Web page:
mark at livecode.com
Wed May 24 17:03:33 CEST 2017
On 2017-05-24 15:45, dunbarx via use-livecode wrote:
> There is a far more important issue here. New learners are far more
> likely to
> be coaxed into continuing to spend the time and effort, and to put away
> their fears, if they see and use "put x into y". It is why we have
> and cards, and in the olden days, rolodexes. The original HC team did
> that on purpose.
Which 'new learners'? I can absolutely assure you there is no homogenous
At one point after years of collecting surveys and analysing data we
managed to divide up users and non-users into 7 (or thereabouts)
distinct groups. Recently, taking a slightly different approach we have
reduced this to 3 (7 was too fine-grained to actually be able to do much
with, 3 is more manageable and seems to work much better in terms of
Why have we done this - because we need to actually *sell* LiveCode -
nothing sells itself. Market segmentation and understanding your users
and potential users is perhaps the most significant piece of selling.
( Okay, that's my marketing brain cell exhausted for a while ;) ).
It is quite possibly true that as many people get put off by LiveCode
because of its 'English-like' language, who get sucked in because of it.
We have to concede that point - if it weren't (at least in some part)
true we wouldn't hear such phrases as 'babyish' and 'insult to
intelligence' that are often heard about xTalks (and LiveCode in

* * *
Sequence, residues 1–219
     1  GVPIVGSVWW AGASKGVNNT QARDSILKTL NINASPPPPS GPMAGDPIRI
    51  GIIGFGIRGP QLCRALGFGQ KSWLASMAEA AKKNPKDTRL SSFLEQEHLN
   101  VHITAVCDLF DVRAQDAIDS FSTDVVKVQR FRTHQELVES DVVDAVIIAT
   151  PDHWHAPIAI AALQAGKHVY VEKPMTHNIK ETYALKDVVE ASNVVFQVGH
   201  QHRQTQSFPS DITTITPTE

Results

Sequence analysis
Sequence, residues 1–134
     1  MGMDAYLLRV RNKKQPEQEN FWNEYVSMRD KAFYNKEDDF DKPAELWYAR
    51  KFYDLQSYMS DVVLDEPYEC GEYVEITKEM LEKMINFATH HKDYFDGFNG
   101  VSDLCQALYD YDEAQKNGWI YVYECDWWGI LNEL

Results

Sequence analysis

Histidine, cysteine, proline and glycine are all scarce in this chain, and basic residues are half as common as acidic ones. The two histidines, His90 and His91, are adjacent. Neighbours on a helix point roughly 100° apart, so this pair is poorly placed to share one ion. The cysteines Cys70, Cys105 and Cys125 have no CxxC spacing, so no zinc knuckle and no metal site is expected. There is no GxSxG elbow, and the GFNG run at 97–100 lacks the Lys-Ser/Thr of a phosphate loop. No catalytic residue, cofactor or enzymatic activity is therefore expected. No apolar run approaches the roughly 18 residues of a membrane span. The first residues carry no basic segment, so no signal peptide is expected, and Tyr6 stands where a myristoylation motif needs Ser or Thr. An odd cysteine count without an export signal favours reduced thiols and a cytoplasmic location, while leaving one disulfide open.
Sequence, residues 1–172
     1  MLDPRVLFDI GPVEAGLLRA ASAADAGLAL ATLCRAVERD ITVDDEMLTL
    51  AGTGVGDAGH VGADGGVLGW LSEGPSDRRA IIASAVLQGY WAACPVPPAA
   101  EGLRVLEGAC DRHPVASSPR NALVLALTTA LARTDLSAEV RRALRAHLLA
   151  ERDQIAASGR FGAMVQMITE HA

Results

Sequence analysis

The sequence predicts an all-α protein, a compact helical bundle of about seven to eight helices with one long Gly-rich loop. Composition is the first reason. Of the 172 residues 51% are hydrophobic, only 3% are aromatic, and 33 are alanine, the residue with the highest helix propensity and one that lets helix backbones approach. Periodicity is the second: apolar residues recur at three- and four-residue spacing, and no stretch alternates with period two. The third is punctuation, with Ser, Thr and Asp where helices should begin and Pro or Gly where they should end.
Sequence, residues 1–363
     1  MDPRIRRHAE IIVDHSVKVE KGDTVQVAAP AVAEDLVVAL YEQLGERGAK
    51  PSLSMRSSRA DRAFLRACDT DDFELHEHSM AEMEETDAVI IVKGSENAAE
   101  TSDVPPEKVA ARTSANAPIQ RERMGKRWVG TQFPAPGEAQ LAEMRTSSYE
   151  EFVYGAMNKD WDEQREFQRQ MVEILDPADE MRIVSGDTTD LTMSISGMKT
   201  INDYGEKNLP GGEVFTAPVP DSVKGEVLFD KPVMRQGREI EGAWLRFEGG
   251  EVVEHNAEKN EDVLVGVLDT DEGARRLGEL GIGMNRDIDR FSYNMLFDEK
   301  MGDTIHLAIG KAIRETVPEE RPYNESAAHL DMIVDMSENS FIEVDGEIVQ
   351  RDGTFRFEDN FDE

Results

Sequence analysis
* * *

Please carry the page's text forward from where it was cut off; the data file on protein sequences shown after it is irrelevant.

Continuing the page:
(Btw, @WilliamProthero: Please don't think I'm singling your comments
out or taking offense by them - you echo words I have heard many times -
as have all of us I suspect when we get asked by some - 'so what's
> Remember "for the rest of us"?
> Experienced users are being academic and pedantic to raise this issue
> as if
> it were something important. We need new users, not old ones.
> No offence, please.
No offence taken - it is a discussion :)
However, it is important to realize that whilst it is not important to
you (I get you are quite invested in LCS - as am I, much more than is
ever apparent at times), it *is* important to others (otherwise we
wouldn't get some comments about the language that we do).
Syntax is an emotive issue (I could beat Python to death with some of
the decisions they have made about syntax - but yet I still use it and
slightly enjoy doing so for the purposes I use it for) - but it is not
I mentioned in my last post about the 'high priest' mentality - let us
not risk falling into the same mentality but in reverse. The time for
being an island in our own right passed with the passing of HyperCard. I
think it is fair to say that, these days the world of computing is
inordinately larger and much more diverse (look at the rise in the
being 'maverick', but it perhaps makes things much harder than they
would be otherwise.
In reality the scripting language LiveCode has, whilst one of its
greatest strengths IMHO (otherwise I can quite honestly say I wouldn't
be here), is only one part of the ecosystem:
- we have an interactive IDE which allows to edit and run code 'live'
(for some definition of live)